Beachcombers are always looking for that special item, the one that makes up for all the days when all they find for their time are broken sand dollars and the remains of crabs. Authentic glass floats are one such item, prized for being a piece of history that has made its way from who knows how far, to get washed up on our beach. Searching for glass floats in Grays Harbor is a fun adventure for anyone of any age. And whether you are looking for the real deal or ornate replicas, you can find them all on our shores.

A Brief Glass Floats History

Although often called Japanese glass fishing floats, glass floats can be traced back to the mid-1700s in Scandinavia. The first ones found were tiny, egg shaped floats from Norway and surrounding countries, where the hollow glass globes floated along the ocean’s surface with a fishing line attached to them. As fisherman started to use nets, the glass floats grew in size and the Japanese began to manufacture them, mostly out of recycled sake bottles, creating the common green color we see in so many authentic floats today. Throughout the decades, glass floats were made all the world, including in the U.S.A.

Glass floats are often marked with a maker’s mark, making them a fun historical find as you try and trace where your float came from. And of course, some makers and colors are rarer, making them more valuable. For example, red ones from Japan often used real gold to make the hue, making them worth a small fortune, whereas the common green, round ones sell for very reasonable amounts on Ebay and other places.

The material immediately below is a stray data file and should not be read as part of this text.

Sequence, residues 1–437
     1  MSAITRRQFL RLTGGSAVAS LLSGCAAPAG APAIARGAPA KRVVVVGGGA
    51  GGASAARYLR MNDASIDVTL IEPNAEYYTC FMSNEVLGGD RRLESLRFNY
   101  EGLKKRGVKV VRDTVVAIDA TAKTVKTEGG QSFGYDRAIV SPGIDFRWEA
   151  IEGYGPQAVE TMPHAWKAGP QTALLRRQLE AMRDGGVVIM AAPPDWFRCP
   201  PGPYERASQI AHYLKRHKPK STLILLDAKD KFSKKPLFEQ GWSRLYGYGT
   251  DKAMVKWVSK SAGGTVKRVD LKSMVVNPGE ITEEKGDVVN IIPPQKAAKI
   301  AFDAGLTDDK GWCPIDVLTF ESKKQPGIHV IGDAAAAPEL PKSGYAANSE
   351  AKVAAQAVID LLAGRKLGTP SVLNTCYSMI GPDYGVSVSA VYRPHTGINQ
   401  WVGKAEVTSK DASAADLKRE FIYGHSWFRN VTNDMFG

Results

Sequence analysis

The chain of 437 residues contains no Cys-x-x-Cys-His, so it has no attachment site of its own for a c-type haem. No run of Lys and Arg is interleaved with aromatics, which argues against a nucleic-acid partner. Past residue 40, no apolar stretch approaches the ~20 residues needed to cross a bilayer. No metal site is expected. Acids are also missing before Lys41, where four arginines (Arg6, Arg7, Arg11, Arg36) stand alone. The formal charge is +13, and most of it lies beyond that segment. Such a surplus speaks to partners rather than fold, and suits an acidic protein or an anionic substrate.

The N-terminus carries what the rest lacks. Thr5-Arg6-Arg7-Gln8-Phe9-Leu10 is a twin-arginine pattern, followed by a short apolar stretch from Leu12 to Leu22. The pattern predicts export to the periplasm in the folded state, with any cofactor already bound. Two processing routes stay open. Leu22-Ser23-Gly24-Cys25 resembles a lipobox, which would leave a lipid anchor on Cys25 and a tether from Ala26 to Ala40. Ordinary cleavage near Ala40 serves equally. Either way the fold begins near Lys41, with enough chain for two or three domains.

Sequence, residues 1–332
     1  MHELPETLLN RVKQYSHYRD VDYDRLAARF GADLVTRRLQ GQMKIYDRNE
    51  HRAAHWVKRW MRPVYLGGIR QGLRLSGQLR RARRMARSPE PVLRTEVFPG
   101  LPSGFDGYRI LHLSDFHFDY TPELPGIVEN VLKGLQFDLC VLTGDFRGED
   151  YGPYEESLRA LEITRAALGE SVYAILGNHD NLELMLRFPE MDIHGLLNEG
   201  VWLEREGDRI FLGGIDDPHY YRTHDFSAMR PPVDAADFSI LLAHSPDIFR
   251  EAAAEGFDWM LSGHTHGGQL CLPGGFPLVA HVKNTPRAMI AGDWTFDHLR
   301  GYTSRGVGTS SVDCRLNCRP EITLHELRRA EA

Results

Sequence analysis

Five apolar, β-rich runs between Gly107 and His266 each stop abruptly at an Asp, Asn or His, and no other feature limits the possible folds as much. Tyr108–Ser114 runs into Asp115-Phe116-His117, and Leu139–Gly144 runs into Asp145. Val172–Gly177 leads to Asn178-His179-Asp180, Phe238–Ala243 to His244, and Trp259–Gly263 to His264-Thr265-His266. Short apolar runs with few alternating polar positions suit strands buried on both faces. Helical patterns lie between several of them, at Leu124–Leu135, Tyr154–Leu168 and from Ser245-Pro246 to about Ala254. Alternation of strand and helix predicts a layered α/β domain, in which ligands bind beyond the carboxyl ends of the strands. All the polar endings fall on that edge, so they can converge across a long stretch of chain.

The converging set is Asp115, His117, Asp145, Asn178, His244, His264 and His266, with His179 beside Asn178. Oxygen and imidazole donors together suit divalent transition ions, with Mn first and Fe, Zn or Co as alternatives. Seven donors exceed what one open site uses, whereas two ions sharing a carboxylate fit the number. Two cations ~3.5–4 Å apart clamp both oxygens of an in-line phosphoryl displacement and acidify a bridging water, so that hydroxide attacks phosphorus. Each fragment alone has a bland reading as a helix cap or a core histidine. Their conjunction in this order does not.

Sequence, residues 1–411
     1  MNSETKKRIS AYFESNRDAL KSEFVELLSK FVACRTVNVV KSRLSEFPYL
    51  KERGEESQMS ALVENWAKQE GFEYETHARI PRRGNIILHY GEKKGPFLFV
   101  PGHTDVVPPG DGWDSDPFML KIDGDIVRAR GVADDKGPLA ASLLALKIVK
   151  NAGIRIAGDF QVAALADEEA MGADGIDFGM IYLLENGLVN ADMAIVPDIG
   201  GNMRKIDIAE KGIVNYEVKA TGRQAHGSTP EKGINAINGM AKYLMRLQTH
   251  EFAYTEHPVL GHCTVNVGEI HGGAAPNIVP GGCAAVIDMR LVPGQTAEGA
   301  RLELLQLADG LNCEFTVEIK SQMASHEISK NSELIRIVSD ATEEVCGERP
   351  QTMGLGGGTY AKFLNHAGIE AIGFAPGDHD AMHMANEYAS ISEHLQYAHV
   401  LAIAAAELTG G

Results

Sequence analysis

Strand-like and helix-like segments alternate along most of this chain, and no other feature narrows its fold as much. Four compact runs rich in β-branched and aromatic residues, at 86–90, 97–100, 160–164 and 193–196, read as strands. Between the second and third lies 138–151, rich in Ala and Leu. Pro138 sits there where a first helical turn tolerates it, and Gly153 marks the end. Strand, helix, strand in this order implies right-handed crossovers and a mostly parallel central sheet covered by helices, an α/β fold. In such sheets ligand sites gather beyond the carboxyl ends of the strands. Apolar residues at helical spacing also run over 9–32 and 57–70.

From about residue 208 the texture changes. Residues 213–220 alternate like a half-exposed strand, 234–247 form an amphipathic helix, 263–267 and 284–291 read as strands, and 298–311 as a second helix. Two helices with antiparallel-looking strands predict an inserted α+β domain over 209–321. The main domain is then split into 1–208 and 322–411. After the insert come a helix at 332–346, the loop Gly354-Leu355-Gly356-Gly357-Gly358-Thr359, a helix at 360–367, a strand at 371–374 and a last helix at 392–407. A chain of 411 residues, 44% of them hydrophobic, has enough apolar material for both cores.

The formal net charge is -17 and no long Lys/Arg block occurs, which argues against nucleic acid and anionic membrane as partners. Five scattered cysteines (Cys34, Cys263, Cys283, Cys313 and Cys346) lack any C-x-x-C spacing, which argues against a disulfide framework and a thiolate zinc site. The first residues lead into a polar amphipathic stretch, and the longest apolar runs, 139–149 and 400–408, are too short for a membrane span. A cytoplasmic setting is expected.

Finding Glass Floats in Grays Harbor County

Wesport Maritime Museum Glass Floats exhibit
The Wesport Maritime Museum has an extensive collection of sea glass floats, all found in Grays Harbor. Photo courtesy: Westport Maritime Museum

If you are thinking that all the glass floats must be destroyed or found by now, you would be wrong. It’s estimated that there are still millions of floats in the ocean, and Grays Harbor beaches certainly have gotten their fair share over the years.  “To my knowledge not too many are washing up right now, but it goes in cycles,” says Julie Smith, operations manager/education coordinator at the Westport Maritime Museum.  “More debris washes in when there are storms, it comes in at high tide. When the tide goes out is the best time to find stuff on the beach because it leaves it behind.”

Though they can appear at any beach, both Grayland Beach and Ocean Shores have been deemed “best spots” when it comes to finding floats. Ocean Shores has strong currents that often help deposit the glass floats on the beach. But really, it’s just plain luck when it comes to where they will wash up and if you happen to be there when they do! “A note on the floats,” adds Smith, “you’ll often find them up on the grass line because the tide washes them in and they get hung up on the grass or in the driftwood higher on the beach. Most people look for them down by the water, but that’s usually not where they’re found.”